By the early 1900s more than 500 cows were being milked, reputedly the largest herd in the South Island at the time.
The property has a long association with deer. In 1898, deer were introduced to the Rakaia River flats from Stoke Park, England. These deer established within the area and became known as Rakaia Red.
When the Hoods purchased the property it was running 7000 sheep and more than 500 cattle, but their intention was always deer farming, then a fledgling industry. As well as purchasing 36 weaner hinds from Erewhon Station at the head of the Rangitata River, they bought a Hughes 500D helicopter for live recovery of feral deer, predominantly Rakaia Reds from the local catchment.
Since then the initial Rakaia Red herd has been culled heavily and selected for velvet production, good body weights and temperament. European and other English genetics were also introduced.
A large focus on velvet production, with 2000 stags two years and older, is balanced with a focus on an efficient hind and meat production. The Rakaia Red hind base now has a significant European influence. The Hoods consider that the deer are currently slightly too big and are mating back to the English types to produce a more moderate- sized animal.
"We want a hardier animal for the hill country."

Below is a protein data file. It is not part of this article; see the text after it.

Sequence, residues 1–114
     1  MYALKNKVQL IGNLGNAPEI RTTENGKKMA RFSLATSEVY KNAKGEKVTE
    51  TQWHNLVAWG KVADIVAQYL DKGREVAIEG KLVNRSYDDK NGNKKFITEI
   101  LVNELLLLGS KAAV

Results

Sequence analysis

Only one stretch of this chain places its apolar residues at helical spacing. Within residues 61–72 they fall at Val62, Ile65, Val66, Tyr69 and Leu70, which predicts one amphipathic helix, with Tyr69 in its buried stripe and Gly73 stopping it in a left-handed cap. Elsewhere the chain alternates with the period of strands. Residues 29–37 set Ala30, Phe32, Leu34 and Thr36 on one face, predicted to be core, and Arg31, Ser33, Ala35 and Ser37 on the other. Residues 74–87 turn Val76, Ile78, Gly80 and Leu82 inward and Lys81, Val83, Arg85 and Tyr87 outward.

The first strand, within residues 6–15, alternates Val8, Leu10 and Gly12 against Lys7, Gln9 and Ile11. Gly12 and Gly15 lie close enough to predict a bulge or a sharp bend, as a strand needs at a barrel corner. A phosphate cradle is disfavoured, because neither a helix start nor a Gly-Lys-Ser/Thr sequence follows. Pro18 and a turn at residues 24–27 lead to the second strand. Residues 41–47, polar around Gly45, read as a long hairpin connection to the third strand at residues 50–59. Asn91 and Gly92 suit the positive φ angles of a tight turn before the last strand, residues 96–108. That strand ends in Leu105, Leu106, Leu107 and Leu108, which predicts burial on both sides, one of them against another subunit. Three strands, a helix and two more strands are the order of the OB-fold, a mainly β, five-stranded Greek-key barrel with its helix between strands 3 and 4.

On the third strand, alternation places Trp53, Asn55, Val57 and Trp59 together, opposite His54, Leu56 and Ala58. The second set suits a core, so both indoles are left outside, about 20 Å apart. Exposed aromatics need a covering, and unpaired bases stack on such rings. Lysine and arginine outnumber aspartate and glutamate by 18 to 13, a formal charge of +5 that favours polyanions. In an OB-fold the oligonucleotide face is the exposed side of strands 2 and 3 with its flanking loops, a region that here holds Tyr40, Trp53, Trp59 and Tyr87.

Keith and Bruce do the deer work, with two single young men carrying out tractor work and maintenance.
"There is a perception of farmed deer that they are a wild animal and will bowl you over. You've got to learn to read them," said Bruce.
The Hoods have started DNA testing of their yearling hinds, 1500 in the first year and 1000 in following years, to help select replacement breeding hinds.
"It's still by eye, but you can't keep them all."
Almost all yearling hinds are mated and achieve a scanning of between 85 and 90 per cent. The Hoods keep 400 yearling hinds, with the surplus in-calf hinds sold to a ready market.
Spiker deer have their spikes cut off, to gauge their potential for the velvet mob. About 500 is the maximum that can be taken through.
"This gives us room for a reasonable cull as two-year olds, but some don't mature early enough."
Velvet weights have lifted from an average 3kg a head three years ago, to 4kg now. Culling decisions are based not just on the main cut of velvet antler, but also regrowth.
"So it's not so much weight, as total value."
Winter greenfeed crops were vital to carry stock through the cooler months, with about 100ha grown in swedes and kale. "We are shifting 21 breaks in a day. The legs feel it."
The station also grows 50ha of short rotation pastures with 90 to 100 tonnes of grain fed, mainly to stags and weaners.
Mt Hutt Station is home to New Zealand's only herd of pure pere david's deer. About 100 were imported to New Zealand in 1984-85, but numbers dwindled and when they arrived at Mt Hutt Station only 12 remained, including at one stage just one stag.
"Numbers have taken off and we are now up to about 50. We have taken them out the far end and they are doing well.
"They were in one mob, but last year the skifield was blasting snow, causing an avalanche which destroyed several fences. So they are now in three different mobs in three different paddocks," said Bruce.
- The Press